Exploring Active Learning for Student Behavior Classification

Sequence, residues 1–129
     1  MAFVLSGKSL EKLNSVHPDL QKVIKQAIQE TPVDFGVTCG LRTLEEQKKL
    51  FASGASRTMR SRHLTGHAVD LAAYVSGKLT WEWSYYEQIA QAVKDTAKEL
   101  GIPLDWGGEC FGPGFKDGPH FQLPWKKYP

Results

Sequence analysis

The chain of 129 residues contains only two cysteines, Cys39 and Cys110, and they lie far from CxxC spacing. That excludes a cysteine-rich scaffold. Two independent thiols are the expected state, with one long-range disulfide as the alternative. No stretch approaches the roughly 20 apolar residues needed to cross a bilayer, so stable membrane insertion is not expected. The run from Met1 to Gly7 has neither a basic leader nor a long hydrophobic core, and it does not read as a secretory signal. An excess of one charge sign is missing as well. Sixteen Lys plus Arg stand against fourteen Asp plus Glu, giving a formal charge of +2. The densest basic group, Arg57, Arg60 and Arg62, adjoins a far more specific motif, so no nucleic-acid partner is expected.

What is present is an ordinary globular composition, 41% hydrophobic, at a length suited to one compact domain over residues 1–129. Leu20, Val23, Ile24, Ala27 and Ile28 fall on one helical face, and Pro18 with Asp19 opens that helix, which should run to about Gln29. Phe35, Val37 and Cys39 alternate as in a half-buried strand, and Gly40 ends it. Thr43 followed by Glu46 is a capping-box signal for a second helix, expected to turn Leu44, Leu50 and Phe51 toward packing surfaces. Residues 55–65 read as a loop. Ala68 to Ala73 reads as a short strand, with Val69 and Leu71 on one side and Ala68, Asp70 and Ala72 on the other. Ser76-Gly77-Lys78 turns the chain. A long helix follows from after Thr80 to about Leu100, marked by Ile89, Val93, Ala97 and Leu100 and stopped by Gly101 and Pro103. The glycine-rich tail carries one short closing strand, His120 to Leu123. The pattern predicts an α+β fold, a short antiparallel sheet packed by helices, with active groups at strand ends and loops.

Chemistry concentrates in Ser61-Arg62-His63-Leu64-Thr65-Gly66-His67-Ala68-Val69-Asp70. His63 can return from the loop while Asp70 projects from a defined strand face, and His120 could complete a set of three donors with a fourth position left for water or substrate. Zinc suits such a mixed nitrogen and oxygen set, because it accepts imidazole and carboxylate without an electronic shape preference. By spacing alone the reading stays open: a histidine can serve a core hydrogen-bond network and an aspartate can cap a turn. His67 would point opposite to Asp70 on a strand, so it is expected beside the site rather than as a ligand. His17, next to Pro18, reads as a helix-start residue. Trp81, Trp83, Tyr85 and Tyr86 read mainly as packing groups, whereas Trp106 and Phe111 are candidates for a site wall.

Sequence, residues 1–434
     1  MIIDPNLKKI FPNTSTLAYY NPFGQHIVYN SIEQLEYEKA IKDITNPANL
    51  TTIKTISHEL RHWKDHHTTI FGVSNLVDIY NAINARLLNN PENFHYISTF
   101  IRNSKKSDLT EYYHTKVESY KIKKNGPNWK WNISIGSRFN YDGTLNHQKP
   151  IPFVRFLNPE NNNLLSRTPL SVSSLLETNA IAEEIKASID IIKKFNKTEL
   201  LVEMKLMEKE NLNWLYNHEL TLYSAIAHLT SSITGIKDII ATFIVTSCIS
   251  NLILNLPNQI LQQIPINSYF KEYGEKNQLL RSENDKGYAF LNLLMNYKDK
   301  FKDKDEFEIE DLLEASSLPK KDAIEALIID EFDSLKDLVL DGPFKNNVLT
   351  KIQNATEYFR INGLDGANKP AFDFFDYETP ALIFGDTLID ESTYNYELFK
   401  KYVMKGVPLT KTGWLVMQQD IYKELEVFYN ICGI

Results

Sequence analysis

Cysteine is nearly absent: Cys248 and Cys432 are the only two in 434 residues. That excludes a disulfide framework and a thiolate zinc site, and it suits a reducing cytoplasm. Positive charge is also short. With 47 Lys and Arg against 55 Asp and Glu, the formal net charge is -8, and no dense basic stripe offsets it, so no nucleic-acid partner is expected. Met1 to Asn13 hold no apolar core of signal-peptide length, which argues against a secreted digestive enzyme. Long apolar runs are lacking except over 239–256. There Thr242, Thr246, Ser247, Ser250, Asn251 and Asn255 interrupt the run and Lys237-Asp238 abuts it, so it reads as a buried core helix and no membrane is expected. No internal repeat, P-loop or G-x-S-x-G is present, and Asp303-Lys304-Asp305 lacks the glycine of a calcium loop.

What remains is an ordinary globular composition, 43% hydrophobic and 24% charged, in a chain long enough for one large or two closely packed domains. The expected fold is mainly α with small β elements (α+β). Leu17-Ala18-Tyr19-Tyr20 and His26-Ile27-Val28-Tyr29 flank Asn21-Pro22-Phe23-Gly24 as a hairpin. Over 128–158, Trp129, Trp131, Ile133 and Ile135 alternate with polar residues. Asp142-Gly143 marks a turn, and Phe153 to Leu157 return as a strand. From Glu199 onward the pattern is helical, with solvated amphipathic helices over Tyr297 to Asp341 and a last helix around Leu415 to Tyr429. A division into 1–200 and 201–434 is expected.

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Selection of high-quality ground truth data is a critical step for machine learning. Conventionally, a human-centered strategy is utilized to label the data. While this technique provides accurate annotations of task-specific behaviors, it is difficult, costly and error-prone. One method explored to solve these problems is active learning, a model-centered approach that minimizes human involvement. In this work, we conduct an experiment to compare the performance of active learning and passive learning strategies in selecting ground truth data for a classification task to detect the incidence of task persistent behavior from students' interaction logs. Our findings suggest that active learning tends to be more effective and efficient than passive learning in achieving a certain level of performance. However, the overall performance comparison shows that passive selection for ground truth data is as effective as the active learning approach for applications with relatively small sample size.